Leah and I have matching toothbrushes. She found a package of these neat bamboo toothbrushes at the store and I like them. First and foremost, they are really soft. Dental hygiene is important to me, and dentists always say to use the softest-bristled toothbrush you can find. Also, it’s really satisfying to go to the dentist and hear “no cavities.” I didn’t have a single cavity until I was twenty-three, though that isn’t to brag—I’ve had work done in the form of headgear and braces. I had to get fillings in both of my back, top molars right before turning twenty-four, and I’m not sure what I was doing then, but luckily I’ve never had a repeat incident.
My sister has never had any cavities. This is a fact she likes to rub in nearly every time she talks to me on the phone. I don’t think we’re that competitive of a family, but I guess bragging (yes, let’s call it bragging) is usually her response to hearing that I’ve been to more countries. I’m sure I can keep that lead going, and what I just hope is that my teeth stay cavity-free while I my sister gets at least three rotten teeth. Leah and I will be visiting her in Denver in a few months, and I’ll have to remember to give my sis lots of candy when we all meet up—candy and soft drinks and sugar cubes.
But back to Leah and I’s toothbrushes. A plastic toothbrush that you use for a few months and then throw away seems like a waste of plastic. Or use for a week, because you accidentally drop in the toilet—a super waste. So these bamboo toothbrushes are biodegradable, and they come in a neat cardboard carton of five. Also, each toothbrush is numbered, which is good when you and your spouse have matching toothbrushes. The thing is though, I often forget which number is mine, and I have used Leah’s toothbrush ON MORE THAN ONE OCCASION. And here’s a confession: it doesn’t even bother me now.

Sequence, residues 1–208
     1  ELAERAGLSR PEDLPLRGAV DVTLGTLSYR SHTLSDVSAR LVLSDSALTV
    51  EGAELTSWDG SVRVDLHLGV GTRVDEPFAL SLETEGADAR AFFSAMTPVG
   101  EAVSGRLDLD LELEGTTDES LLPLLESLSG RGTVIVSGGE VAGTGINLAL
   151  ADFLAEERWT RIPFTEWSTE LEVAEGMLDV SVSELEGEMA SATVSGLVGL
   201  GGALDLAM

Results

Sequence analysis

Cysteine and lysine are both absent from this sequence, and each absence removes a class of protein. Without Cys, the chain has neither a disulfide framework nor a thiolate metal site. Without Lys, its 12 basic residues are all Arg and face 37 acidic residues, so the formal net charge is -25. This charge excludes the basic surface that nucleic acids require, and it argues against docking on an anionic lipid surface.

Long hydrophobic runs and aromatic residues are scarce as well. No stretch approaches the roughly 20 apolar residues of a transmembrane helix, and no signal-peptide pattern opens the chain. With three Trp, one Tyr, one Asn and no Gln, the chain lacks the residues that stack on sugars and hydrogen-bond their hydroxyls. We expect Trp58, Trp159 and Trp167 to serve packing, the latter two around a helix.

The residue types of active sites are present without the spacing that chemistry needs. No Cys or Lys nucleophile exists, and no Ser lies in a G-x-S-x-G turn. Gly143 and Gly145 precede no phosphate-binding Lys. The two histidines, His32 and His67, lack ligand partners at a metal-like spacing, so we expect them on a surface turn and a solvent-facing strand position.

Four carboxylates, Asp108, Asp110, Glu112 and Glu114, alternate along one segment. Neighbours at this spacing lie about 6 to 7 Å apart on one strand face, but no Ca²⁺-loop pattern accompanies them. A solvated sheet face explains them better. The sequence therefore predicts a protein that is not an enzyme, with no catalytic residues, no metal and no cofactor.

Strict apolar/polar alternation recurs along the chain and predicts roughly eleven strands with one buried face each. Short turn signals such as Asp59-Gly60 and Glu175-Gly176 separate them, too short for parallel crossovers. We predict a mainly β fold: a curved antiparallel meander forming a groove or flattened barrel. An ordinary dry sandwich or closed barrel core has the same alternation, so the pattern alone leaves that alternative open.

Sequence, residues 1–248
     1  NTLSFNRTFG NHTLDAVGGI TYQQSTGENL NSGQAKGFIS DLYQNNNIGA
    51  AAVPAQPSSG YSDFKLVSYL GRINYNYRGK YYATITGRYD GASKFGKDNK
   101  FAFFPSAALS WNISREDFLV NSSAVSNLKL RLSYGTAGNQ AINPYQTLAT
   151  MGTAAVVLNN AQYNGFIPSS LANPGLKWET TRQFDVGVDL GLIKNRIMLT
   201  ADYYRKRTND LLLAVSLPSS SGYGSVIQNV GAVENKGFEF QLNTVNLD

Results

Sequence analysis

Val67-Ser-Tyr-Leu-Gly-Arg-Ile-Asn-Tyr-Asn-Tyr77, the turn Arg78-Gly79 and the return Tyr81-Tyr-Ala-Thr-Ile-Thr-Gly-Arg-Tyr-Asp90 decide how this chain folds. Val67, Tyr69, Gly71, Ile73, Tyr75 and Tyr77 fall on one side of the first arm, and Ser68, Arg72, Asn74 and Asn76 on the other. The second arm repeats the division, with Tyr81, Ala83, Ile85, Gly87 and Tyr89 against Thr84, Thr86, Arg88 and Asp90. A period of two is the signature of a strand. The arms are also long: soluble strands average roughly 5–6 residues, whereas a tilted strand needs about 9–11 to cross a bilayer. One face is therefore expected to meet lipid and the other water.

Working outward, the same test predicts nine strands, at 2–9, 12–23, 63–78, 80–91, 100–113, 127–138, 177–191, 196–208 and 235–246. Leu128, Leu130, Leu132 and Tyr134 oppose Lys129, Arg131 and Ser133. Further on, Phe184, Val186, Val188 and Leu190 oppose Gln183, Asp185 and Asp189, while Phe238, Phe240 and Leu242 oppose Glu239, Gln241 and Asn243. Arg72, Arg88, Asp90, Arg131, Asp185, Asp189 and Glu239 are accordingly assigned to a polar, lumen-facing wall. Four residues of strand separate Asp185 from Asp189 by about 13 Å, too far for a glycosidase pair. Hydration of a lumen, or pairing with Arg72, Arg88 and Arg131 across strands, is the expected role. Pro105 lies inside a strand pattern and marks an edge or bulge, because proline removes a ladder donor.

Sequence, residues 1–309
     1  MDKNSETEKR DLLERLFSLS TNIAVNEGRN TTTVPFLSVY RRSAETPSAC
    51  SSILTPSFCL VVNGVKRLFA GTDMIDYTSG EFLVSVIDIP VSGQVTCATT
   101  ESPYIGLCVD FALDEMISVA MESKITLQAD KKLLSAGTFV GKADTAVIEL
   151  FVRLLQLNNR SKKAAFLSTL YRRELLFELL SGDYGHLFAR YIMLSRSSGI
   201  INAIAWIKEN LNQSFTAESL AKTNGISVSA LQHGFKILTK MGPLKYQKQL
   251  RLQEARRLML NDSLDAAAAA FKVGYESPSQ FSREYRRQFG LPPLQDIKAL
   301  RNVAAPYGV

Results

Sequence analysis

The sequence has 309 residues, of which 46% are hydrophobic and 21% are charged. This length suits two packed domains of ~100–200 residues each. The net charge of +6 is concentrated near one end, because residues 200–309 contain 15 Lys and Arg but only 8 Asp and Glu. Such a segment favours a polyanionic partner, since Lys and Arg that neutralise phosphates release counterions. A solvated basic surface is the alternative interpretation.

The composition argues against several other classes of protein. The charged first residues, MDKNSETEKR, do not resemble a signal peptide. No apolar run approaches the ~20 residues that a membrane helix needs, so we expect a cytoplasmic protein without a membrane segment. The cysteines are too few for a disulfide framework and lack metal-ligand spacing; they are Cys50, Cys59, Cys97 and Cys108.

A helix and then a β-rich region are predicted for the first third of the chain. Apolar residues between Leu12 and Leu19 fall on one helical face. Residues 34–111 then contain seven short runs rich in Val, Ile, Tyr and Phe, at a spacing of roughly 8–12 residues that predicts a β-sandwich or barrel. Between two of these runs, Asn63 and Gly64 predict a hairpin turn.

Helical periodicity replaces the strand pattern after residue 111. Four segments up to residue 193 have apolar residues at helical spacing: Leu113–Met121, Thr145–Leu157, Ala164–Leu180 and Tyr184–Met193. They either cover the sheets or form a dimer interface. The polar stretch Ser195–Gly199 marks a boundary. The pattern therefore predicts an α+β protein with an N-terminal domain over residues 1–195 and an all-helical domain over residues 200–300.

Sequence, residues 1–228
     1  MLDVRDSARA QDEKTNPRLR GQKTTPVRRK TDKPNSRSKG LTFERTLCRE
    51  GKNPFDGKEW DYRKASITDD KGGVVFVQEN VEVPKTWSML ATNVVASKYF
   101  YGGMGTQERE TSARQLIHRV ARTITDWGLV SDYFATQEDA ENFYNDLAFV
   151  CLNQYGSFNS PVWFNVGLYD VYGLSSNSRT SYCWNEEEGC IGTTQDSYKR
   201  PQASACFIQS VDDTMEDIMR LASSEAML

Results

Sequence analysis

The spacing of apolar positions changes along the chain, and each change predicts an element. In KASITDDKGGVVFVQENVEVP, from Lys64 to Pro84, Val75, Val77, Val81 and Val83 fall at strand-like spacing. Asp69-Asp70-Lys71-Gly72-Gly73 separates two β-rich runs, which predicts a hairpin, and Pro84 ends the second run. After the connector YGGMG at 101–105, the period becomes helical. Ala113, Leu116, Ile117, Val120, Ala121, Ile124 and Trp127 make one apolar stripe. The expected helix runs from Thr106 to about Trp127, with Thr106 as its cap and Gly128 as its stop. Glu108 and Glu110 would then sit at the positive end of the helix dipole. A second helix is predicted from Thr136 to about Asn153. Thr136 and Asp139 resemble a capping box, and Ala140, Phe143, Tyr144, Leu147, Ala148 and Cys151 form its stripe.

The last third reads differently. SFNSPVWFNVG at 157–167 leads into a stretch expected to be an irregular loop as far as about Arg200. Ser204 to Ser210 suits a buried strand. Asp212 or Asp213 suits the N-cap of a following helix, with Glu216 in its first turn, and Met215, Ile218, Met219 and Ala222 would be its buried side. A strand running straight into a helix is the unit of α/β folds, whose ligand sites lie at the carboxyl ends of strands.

Until a few months ago it would. Once, when working in Korea, I used my co-worker’s toothbrush. After realizing what I’d done I felt sick for the rest of the day. You might be wondering, “Why was your co-worker’s toothbrush at work?” And to answer that question, I will explain: in Korea, everyone has a work toothbrush. In general, Koreans brush their teeth after every meal, and after just a few months of doing that with my Korean co-workers (don’t want to seem like a foreigner with a dirty mouth!) I found that I liked it! Now I brush my teeth after every meal, and in my desk at school I have an American work toothbrush as well.
So what changed a few months ago? I traveled with Leah to her mom’s house in Washington, DC. I forgot my toothbrush, and Leah said I could use hers. With great hesitancy I did it—I couldn’t go to bed with dirty teeth. Then, after using Leah’s toothbrush and not, you know, dying or something, I realized that it was all OK, and now at home when I mix up our toothbrushes it doesn’t phase me. ANYWAY, we aren’t getting paid at all (I wish) to endorse these toothbrushes, but if you can find them at a local store, maybe give them a shot. However, you might want to color-code them with a marker because the numbers are tiny and easy to miss.
–Jeff and Leah